Yearly Archives: 2016


Where is Asbestos Commonly Found in Australia?

Where Asbestos is commonly found

More than 10,000 Australians died from the rare cancer, mesothelioma caused by asbestos in the last 35 years. This means Australia has the worst death rate from this disease in the world, second only to the United Kingdom. It does not end there. Cancer specialists predict a further 25,000 deaths in the next 40 years. In 2014, there were 641 deaths from mesothelioma, and the figures indicate asbestos-related deaths are slowly increasing.

Asbestos in Australia

Australia had a huge asbestos mining industry centred mainly in West Australia, New South Wales and Queensland until asbestos health hazards became better understood. The asbestos mining town Wittenoom in West Australia stands deserted as a harsh reminder of its past. The area is too dangerous and the West Australian government recently removed its status as a town. It stands today waiting to return to dust.

The distribution and use of asbestos products across Australia means it is widespread in buildings and homes built before 1990. Since Australia banned asbestos of any kind in 2003, there has been increasing numbers of people diagnosed with asbestos-related diseases (lung cancer and mesothelioma, for example) in every Australian state. Asbestos has a latent period of between 20 and 30 years after exposure before symptoms can show up.  

Where you find asbestos

Asbestos is still everywhere though Australia we talked about it recently here. It was banned however for production, use and import in 2003. Its uses were wide and varied, and asbestos may still be found in old products such as:

  • cement sheeting used for buildings, water and sewerage pipes, as fire protection products, to protect electrical wire and in switchboards, and for tanks for holding chemicals
  • asbestos paper used in wire insulation, floor underlays, components in small appliances and in mats used for heat protection
  • asbestos textiles used in heaters, roofing materials and some packing materials
  • in automotive parts like brake linings and clutch facings
  • sealants, paint, floor and ceiling tiles, gaskets and packing products.

Asbestos around the home

Buying an old house may bring you problems if it has asbestos products. So how do you know? You cannot tell just by looking at asbestos. You need a professional analysis to be sure. A house built after 1990 is unlikely to contain asbestos. Homes built from the mid-1980s to 1990 will probably contain asbestos, and those built before the mid-1980s are very like to have asbestos. So where are you likely to find it round your home? Here are some examples:

  • Asbestos insulation around old water pipes and flues – these release dangerous fibres if not handled correctly when removing or repairing them.
  • Roofing materials and shingles – these are not likely to release fibres unless you drill, saw or cut them.
  • Siding (Fibrolite products, for example) and cladding for interior and exterior walls (such as the backing on some old brick cladding popular in the 1970s).
  • In fibro sheets under the eaves, so be careful when renovating as it will release dangerous fibres if you break it (today modern fibro does not contain asbestos).
  • Asbestos thermal boards around old fireplaces – when removing these they must be handled using safety precautions as they will release airborne fibres when you disturb them.
  • Gaskets around old fireplace doors – worn asbestos gaskets release dangerous fibres when worn and still in use.
  • Old artificial embers and ash, some old hairdryers, old fencing, ironing board covers, stove top covers, glues and fireproof gloves were made containing asbestos for its fire resistance.

There is no one place in Australia you can be safely confident of buying a property without asbestos in it if built before 1990. Australia began phasing out production of asbestos products in the 1980s with asbestos flat sheeting phased out between 1981 and 1983, corrugated products in 1985, asbestos pipes in 1987, and brake pads and brake lining in 2003.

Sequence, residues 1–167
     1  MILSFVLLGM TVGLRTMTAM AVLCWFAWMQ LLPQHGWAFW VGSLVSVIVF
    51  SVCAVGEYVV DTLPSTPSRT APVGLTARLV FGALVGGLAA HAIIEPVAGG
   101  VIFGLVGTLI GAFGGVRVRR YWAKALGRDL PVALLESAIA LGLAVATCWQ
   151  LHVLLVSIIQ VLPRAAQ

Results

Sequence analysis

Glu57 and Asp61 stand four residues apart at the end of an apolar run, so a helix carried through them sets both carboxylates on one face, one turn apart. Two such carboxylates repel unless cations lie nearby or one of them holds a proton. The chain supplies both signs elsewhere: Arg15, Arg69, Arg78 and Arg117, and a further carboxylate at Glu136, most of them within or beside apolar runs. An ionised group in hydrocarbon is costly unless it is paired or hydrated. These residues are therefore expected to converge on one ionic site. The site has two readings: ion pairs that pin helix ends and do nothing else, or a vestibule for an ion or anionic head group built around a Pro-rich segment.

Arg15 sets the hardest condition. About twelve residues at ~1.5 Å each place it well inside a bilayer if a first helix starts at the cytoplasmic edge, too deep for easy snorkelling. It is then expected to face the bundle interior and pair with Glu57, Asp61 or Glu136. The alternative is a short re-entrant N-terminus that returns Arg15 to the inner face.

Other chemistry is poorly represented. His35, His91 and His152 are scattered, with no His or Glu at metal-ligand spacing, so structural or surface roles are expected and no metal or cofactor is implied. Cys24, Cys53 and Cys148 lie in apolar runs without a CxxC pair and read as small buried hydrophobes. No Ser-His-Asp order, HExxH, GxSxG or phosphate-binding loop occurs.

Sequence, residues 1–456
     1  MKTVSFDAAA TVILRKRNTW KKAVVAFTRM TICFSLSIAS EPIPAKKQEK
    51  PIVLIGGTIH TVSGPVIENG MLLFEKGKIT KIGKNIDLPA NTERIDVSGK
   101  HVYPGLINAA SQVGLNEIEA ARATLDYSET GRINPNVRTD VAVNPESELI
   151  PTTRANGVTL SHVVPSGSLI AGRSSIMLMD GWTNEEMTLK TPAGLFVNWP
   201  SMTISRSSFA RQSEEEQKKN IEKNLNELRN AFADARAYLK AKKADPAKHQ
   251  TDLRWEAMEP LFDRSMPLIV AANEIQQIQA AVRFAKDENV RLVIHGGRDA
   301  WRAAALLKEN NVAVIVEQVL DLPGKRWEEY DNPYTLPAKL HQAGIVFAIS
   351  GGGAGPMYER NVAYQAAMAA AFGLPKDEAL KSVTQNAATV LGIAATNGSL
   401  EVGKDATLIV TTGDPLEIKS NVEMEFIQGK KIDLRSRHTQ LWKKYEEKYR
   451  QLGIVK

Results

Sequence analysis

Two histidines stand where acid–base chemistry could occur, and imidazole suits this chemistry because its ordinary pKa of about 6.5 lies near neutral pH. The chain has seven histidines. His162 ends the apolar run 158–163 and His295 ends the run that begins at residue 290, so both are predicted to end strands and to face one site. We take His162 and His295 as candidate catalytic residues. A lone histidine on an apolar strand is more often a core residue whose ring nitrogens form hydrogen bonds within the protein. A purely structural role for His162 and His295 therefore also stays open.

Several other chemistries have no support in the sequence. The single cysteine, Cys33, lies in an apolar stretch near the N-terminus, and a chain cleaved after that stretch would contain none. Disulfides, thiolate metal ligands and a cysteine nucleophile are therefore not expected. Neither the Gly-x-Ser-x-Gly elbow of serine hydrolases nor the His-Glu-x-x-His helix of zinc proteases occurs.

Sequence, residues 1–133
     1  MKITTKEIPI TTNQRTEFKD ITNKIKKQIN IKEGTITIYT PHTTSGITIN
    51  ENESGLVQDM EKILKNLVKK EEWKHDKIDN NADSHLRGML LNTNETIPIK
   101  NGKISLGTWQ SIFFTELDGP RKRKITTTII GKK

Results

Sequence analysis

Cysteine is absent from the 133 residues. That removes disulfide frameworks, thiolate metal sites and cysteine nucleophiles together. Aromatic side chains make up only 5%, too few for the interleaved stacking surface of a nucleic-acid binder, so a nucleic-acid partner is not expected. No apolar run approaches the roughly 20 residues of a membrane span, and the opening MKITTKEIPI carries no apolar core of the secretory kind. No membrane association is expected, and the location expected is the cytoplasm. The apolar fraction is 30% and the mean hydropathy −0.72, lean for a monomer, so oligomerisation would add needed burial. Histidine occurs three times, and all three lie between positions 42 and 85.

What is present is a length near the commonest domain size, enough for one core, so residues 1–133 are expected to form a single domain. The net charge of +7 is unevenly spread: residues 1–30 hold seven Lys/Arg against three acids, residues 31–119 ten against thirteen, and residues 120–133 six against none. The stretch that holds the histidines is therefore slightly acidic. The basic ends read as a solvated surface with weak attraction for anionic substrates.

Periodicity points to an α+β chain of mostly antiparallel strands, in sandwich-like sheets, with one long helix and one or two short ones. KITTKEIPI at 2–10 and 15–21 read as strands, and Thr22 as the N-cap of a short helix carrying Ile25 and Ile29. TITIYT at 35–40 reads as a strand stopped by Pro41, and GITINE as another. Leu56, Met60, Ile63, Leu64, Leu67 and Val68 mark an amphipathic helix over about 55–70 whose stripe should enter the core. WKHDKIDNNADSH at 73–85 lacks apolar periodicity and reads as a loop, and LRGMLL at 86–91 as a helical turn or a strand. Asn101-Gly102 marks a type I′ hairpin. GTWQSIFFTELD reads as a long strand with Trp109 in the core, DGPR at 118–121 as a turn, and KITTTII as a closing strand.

Asbestos is completely banned in Australia. No new materials containing asbestos are allowed into the country. However, as recently as 2015 a Senate enquiry found building products imported from China contained white asbestos and dozens of building sites were contaminated with these imports. Authorities are now working with the installers to remove all imported products that contain asbestos.

Asbestos is slowly being removed from Australian homes as people renovate, demolish and rebuild, but it will be many years before Australia has cleaned up asbestos completely. But, its health effects will be a reminder of the devastating effects of Australia’s history of asbestos use.


By |2017-08-15T06:35:17+10:00September 5th, 2016|Asbestos News|Comments Off on Where is Asbestos Commonly Found in Australia?

The dangers of removing Asbestos yourself 2016

The dangers of removing Asbestos yourself 2016

A dangerous legacy of the past, asbestos still remains a threat in many Australian homes. Australia’s housing industry boomed, and from the 1940s up until the late 1980s asbestos products were used in hundreds of thousands of homes and buildings around the country.

So, if your home was built before 1990, it is likely to contain asbestos of some sort. When planning to renovate or if you suspect asbestos in your home, there are dangers in removing asbestos yourself.

Asbestos products became popular because they were cost-effective, fire-resistant, strong and durable, and made new housing affordable. Australia finally banned the importing, using or reusing, selling, manufacturing, supplying or storage of asbestos products of any sort after the negative effects of asbestos became known.

What is asbestos?

Asbestos generically refers to fibrous silicate materials existing naturally in certain environments. These tiny natural fibres are up to 200 times finer than our hair and can drift in the atmosphere for a long time. They are invisible and you can inhale them into your lungs. In the 1990s doctors began reporting health concerns surrounding people in contact and working with asbestos

Mining these materials was popular for many years to meet the high demand for asbestos products, particularly in the building industry. Asbestos cement was commonly used in fibro sheeting, corrugated roof sheeting, downpipes, water pipes, gutters, drains and roof shingles, and coverings for electrical wires.